Our hospital dates back to an earlier chapter of Tucson. Originally it housed the administration of one of Tucson’s oldest brick factories producing many of the bricks in Tucson’s landmark buildings. Years later we started our hospital in an apparently forgotten corner of Tucson and have since grown with Rita Ranch helping to establish our community’s unique southwestern flavor.
Many of our neighbors to the east would be surprised at what used to stand where their homes are now.
The pictures below are from the family of the late James L. Edel, General Manager of the Tucson Pressed Brick Company. We would like to thank them for allowing us to use them.
The photo on the right is from the mid 1960’s showing the brickyard office that is now Madera Veterinary Hospital.
This view was taken from what is now the clinic parking lot looking to the northeast. A subdivision now stands where this building once was.
This picture is a close up of the front doors shown in the picture above. The finished bricks are coming out of the plant, ready to be trucked out to build Tucson!
This equipment was used to move the raw materials into the brick plant. This was to the east of the building in the two pictures above.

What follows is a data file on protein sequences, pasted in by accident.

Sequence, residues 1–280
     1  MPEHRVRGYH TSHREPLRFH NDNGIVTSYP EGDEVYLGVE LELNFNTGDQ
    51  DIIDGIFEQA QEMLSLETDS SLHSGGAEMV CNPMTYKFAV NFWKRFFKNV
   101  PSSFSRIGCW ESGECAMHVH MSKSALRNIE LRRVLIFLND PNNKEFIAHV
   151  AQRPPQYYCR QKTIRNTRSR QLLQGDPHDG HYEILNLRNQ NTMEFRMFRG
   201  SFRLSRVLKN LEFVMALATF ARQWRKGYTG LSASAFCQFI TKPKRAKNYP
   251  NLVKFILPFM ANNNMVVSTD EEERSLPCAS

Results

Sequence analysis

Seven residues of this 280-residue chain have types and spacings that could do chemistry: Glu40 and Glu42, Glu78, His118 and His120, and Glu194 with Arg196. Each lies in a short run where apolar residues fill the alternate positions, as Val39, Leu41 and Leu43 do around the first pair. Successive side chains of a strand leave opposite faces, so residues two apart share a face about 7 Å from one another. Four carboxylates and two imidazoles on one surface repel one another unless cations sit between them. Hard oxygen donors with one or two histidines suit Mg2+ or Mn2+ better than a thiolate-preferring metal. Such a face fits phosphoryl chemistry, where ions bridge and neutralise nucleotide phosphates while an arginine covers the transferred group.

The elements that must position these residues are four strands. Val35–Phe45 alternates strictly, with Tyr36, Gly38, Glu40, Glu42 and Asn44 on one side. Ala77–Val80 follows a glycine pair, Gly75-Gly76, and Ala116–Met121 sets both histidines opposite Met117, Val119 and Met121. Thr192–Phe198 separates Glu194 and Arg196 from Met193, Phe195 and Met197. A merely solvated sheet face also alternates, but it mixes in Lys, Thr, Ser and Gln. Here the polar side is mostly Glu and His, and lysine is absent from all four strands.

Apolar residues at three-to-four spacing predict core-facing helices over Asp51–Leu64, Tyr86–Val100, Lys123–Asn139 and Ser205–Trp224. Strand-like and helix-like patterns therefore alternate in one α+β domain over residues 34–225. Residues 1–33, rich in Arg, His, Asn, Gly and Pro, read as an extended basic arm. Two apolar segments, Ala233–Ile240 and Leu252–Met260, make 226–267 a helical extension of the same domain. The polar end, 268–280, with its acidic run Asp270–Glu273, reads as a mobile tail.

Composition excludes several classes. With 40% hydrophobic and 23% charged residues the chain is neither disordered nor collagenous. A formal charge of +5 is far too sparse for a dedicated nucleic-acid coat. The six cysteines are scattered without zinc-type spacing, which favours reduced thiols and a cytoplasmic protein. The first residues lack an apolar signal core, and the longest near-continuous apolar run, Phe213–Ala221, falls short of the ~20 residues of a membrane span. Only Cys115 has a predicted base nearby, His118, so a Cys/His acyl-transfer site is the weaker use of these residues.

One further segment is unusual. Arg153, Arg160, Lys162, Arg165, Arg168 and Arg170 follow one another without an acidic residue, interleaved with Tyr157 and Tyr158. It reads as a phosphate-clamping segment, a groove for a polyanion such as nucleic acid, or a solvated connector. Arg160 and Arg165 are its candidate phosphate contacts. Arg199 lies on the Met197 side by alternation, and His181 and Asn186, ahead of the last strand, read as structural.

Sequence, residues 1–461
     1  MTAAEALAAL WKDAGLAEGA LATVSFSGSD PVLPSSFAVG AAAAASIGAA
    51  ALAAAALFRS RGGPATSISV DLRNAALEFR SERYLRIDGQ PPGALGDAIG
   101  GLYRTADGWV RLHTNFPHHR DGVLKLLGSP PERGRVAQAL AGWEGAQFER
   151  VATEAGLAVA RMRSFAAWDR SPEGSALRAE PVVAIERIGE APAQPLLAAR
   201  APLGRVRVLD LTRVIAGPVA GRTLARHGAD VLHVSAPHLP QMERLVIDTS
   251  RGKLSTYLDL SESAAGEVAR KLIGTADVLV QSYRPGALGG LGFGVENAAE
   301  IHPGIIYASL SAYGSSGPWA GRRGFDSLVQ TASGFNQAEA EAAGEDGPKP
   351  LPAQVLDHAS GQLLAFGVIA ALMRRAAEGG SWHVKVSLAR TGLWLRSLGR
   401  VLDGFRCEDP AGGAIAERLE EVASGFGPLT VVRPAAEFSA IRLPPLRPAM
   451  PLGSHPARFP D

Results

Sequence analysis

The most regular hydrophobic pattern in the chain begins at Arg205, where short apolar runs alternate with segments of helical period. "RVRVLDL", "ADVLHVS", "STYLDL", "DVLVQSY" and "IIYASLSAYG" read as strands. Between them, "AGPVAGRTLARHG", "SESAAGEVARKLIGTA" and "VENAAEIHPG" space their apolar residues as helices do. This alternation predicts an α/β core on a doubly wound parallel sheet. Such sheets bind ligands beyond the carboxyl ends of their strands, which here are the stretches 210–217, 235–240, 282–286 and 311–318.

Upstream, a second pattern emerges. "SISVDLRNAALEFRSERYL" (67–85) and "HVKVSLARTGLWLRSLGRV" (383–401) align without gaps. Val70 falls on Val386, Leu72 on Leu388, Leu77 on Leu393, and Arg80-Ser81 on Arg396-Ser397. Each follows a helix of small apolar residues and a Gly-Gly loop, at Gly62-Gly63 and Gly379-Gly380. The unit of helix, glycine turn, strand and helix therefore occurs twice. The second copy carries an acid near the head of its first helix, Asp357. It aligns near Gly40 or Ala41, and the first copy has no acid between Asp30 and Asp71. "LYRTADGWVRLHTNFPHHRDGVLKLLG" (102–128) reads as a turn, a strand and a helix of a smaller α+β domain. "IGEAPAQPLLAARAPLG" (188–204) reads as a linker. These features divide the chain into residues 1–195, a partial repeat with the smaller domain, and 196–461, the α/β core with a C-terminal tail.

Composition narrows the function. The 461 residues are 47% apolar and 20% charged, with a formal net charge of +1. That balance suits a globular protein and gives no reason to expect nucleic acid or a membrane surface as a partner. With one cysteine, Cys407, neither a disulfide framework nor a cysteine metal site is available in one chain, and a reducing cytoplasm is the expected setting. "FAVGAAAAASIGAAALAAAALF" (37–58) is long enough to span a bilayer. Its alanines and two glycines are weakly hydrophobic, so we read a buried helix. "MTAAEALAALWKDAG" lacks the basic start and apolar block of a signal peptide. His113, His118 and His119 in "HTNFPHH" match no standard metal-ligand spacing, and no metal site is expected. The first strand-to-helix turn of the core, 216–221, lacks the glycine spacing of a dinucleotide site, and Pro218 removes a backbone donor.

The power substation just for the Brickyard. This was on the south side of the building in the second picture.
Below is an excerpt from Craig Edel:
A few years ago, I digitized some photographs that had once been on the wall in my father’s office (in the southwest corner of the building). These showed the major elements of the “new” plant (the one on Houghton Road) and the old plant, which had been between Congress and St. Mary’s Road, on the west side of the Santa Cruz river, from the turn of the century until the early 1960s. I’ll send you the “new” plant photos. In the photo of the office building, you’ll see the front of my dad’s company car, a 1963 Ford Falcon Ranchero, which I still remember. That was replaced with the new Fairlane version in 1968, so there’s an indication of the vintage of the photos.
Just a few minutes ago, I was talking with my brother (who’s in Philadelphia, to my Houston) about all the ways there were to get killed at the brick plant back in those early OSHA days. I’m glad to have just spent some summers there! (But let me note that, despite the dangerous machinery, I was never aware of anyone actually being injured by it.) We lived in the foothills of the Tucson Mountains; our father therefore lived about as far west as you can get in the valley, and worked about as far east as you can get. It was a wonderfully remote location back then, and the drive along I-10 revealed unspoiled alluvial fans spreading from I-10 all the way south to the Santa Ritas. You probably could have walked from the plant to I-10 without seeing a car.